Ring Road Trip Tip #5: In general, it’s a good idea to keep your eyes on the road.
This sounds like something very obvious, but you’d be surprised how many people get distracted while driving. Our country is famous for its scenery and natural beauty, but don’t get caught up. When you see some gorgeous waterfall, stunning valley, or basalt cliffs, stop the car to get out and take pictures. Just make sure you’re not blocking the road.
And as an added tip, if it’s windy, hold on to the door with both hands. Many drivers have been shocked to see the doors of their camper rental blown backwards or taken clear off from the force of the wind.
Ring Road Trip Tip #6 Tip: Check the weather forecast several times a day
This is another thing that surprises people. But it’s one that could save your life. Weather conditions in Iceland change rapidly, and the last thing you want is to get caught in a storm. If you are driving between cities or towns, consult the Iceland Meteorological Office website to see anticipated precipitation and windiness for the zone you’ll be traveling through.
One of the great things about Iceland camper rental is that you don’t have a fixed schedule. You can drive as much or as little as you want and then pull into the closest campsite. Because you don’t need to make a reservation, it’s possible to plan your Iceland Ring Road itinerary with more of a “let’s see how we go” attitude.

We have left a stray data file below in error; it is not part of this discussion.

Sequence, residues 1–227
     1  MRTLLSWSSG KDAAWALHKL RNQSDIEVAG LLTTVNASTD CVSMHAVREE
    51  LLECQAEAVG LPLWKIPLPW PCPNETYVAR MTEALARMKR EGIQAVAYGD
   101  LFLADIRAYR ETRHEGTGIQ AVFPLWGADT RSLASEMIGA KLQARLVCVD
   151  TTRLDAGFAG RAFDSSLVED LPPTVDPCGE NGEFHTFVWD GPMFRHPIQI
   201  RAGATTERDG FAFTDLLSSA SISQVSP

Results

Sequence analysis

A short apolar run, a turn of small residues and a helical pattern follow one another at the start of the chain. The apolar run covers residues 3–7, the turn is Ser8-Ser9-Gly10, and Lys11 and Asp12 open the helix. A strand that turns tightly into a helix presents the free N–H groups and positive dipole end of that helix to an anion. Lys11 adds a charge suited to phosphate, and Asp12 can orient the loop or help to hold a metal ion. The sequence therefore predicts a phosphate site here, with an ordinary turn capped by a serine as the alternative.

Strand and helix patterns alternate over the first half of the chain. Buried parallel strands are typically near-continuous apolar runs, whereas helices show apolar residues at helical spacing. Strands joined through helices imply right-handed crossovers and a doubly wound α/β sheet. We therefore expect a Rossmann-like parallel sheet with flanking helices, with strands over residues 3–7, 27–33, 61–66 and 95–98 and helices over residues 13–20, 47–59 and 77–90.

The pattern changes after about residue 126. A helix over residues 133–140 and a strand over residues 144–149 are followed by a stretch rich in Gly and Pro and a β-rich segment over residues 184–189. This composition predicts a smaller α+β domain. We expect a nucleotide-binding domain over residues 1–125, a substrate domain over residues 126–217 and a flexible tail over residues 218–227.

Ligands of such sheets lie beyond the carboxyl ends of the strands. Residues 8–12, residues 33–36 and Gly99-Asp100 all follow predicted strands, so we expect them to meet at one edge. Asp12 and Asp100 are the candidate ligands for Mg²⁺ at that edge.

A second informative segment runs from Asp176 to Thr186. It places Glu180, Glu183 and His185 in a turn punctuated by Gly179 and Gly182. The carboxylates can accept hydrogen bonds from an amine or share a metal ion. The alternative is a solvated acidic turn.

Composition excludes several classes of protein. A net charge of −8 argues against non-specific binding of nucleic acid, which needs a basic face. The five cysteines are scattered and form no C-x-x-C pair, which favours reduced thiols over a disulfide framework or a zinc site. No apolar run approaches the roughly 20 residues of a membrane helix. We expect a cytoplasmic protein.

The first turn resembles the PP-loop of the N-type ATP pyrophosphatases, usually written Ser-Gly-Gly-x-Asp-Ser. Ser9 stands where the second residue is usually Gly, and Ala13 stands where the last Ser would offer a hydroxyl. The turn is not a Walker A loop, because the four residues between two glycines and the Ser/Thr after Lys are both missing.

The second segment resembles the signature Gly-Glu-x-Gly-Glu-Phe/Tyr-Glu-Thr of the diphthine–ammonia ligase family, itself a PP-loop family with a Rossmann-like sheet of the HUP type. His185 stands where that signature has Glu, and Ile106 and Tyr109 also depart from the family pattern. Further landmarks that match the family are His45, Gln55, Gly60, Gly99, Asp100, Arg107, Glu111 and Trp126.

For example, let’s say there’s a day you want to explore Seljalandsfoss waterfall, Skógafoss waterfall, and Sólheimasandur plane wreck site. This makes sense because these sites are all close to each other and can be visited in the same day. They also all lie close to the Ring Road driving counter-clockwise between Reykjavik and Vík.
Most travelers who drive the Ring Road along the South Coast stop in Vík for an overnight stay. This tiny fishing village is perfectly located close to the Landmannalaugar hiking area, Svartifoss waterfall in Vatnakökull National Park, and the Jökulsárlón glacier lagoon and Diamond Beach.
Ring Road Trip Tip #7: Create a general itinerary but be flexible.